Galante compared the views of Russia and the United States on this issue as “two ships passing in the night.” She said that while some countries “see information as the main currency,” as Russia does in its disinformation campaign, the other side views “cyber as a technical realm.” Galante explained that Russia has been advocating for the “sovereignty approach,” or the view that cyber space should be treated as sovereign entity by all countries, for the past sixteen years, articulating that “cyberspace can be sovereign.” According to Galante, Russia’s hacking of the Democratic National Committee (DNC) servers during the 2016 election campaign constituted a violation of sovereignty. It is thus crucial for the United States to determine how nations “exhibit power in this domain and how [the country] define[s] the domain,” she said.

An additional facet to the problem is the lack of trust in institutions, said Klimburg. As written in his book, today, only 20 percent of US citizens approve of the mainstream media, and only 6 percent approve of the US Congress. This lack of trust, Klimburg said, can be detrimental to the cybersecurity of the United States; the disconnect between the public and these institutions create vulnerabilities in which potential hackers can strike. Given these numbers, he said, it is “no surprise that the US is such a soft target” in comparison to other European nations. Lute added that “the public’s trust in institutions globally has collapsed,” and these institutions must “go back to fundamental principles” and “architect trust in public places.”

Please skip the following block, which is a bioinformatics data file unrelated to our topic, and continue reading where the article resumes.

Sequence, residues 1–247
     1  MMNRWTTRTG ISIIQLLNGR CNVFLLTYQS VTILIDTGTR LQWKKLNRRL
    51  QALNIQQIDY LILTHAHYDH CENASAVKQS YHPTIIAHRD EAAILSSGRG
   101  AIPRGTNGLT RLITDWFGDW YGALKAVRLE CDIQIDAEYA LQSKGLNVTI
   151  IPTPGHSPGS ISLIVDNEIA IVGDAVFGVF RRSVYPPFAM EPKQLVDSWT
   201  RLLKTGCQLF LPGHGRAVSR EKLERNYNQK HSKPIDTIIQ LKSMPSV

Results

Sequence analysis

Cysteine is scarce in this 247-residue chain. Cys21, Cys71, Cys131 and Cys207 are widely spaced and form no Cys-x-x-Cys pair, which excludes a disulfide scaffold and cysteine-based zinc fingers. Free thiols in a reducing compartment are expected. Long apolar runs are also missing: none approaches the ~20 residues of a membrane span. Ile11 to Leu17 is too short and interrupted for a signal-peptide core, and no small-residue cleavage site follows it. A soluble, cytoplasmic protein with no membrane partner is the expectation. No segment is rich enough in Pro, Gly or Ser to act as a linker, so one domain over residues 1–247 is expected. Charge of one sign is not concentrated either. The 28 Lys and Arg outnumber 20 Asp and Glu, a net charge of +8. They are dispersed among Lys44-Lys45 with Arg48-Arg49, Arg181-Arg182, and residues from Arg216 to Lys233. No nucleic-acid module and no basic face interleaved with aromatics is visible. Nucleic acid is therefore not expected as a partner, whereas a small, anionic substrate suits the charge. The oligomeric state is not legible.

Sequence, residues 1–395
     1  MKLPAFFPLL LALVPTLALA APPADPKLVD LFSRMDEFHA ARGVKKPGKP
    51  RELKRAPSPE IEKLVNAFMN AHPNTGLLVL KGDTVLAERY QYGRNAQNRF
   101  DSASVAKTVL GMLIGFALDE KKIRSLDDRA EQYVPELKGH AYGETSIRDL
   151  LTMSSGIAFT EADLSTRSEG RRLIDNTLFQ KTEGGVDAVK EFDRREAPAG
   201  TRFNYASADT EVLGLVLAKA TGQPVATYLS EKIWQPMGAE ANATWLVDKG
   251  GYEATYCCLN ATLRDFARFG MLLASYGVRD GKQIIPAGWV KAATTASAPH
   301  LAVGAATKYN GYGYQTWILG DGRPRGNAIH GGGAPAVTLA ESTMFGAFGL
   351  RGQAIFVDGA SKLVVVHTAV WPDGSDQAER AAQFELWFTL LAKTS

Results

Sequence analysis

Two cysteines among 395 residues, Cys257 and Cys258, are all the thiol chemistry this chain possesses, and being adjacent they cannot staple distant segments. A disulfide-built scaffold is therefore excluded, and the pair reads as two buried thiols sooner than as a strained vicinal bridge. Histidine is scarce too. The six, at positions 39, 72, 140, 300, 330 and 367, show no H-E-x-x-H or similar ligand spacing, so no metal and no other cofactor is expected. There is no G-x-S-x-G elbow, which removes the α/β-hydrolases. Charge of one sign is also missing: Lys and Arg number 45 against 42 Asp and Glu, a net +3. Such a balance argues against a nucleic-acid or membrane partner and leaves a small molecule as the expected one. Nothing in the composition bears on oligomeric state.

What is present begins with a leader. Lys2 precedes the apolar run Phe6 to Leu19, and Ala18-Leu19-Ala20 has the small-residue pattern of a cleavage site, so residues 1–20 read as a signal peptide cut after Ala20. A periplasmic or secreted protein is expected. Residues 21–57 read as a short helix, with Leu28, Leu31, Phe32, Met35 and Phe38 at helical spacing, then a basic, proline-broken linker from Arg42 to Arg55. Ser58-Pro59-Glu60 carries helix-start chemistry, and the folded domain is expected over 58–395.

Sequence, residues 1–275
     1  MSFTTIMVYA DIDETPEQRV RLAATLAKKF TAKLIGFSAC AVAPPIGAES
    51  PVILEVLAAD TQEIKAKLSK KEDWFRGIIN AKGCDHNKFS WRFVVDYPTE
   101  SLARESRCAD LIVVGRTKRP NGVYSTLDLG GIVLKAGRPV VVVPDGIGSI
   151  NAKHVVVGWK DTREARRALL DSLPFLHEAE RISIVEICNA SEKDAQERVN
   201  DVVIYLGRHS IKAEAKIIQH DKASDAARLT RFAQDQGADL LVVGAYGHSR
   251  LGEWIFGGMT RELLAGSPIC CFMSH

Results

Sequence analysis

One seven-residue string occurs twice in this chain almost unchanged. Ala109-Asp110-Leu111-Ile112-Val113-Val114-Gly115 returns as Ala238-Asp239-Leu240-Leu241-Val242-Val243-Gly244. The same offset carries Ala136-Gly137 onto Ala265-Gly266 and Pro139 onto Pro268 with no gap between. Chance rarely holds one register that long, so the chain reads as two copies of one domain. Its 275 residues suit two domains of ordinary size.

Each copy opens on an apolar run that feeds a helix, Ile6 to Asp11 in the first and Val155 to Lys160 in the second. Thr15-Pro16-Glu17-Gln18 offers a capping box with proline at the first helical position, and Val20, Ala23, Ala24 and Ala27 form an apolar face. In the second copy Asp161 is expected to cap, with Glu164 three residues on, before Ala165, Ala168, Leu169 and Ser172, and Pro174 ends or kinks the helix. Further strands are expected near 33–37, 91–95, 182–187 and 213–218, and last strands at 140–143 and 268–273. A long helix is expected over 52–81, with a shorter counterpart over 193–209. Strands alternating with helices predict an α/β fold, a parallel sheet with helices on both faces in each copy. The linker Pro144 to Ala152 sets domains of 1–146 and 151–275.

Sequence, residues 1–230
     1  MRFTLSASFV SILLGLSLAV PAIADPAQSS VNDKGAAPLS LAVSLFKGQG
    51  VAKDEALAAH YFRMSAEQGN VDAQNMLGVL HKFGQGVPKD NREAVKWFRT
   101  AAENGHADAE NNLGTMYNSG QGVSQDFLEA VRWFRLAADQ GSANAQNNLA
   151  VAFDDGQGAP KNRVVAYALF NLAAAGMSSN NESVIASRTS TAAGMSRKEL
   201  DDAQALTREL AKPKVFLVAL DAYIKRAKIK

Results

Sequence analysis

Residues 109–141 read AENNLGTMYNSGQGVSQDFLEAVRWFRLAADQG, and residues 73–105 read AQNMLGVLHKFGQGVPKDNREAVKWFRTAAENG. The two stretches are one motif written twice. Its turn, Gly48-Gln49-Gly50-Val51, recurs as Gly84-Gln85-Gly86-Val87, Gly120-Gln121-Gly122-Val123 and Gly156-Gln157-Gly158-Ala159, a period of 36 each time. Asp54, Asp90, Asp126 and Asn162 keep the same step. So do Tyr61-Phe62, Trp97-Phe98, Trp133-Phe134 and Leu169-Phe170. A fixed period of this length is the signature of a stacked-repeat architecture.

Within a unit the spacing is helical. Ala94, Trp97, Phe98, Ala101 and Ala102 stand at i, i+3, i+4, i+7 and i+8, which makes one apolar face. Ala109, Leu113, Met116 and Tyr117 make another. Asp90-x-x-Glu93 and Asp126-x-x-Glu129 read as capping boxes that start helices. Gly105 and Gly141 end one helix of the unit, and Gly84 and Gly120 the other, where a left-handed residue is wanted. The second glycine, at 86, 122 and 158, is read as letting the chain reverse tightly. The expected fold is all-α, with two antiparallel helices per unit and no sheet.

Referring to the private industry, Galante asked “what is [its] duty to share with the rest of the world… given that [it] know[s] the implications.” Klimburg suggested that “open, transparent conversation[s]” and “public discussion” are key when approaching these dilemmas.

Lute argued that the key role of the government should be how the United States “distribute[s] responsibility for cybersecurity,” such as informing users and manufacturers of actions they can take to reduce gaps in cybersecurity. Given that “unpatched vulnerabilities” pose a major threat, Lute also noted that a multilateral approach to protecting cyberspace is crucial, stating that “multilateralism is multistakeholderism.”

“Responses to cyberattacks [don’t] have to be cyber,” said Klimburg, adding that governments can access diplomatic, military, and economic means to combat the problem. However, he warned that nations “still have trouble communicating... what the certainty of attribution actually means.” Moreover, attacks may be considered “false-flags,” or operations in which the perpetrator purposely misleads all attempts at attribution. By providing a false-flag cyberterrorism attack as a possibility, Klimburg concluded that even if the United States disclosed the source of the attack, the lack of public trust would be detrimental to carrying out a strategic response. “That would be the ultimate win in information warfare,” said Klimberg, “to weaken the trust in your adversary.”

Xiaojing Zeng is a communications intern at the Atlantic Council.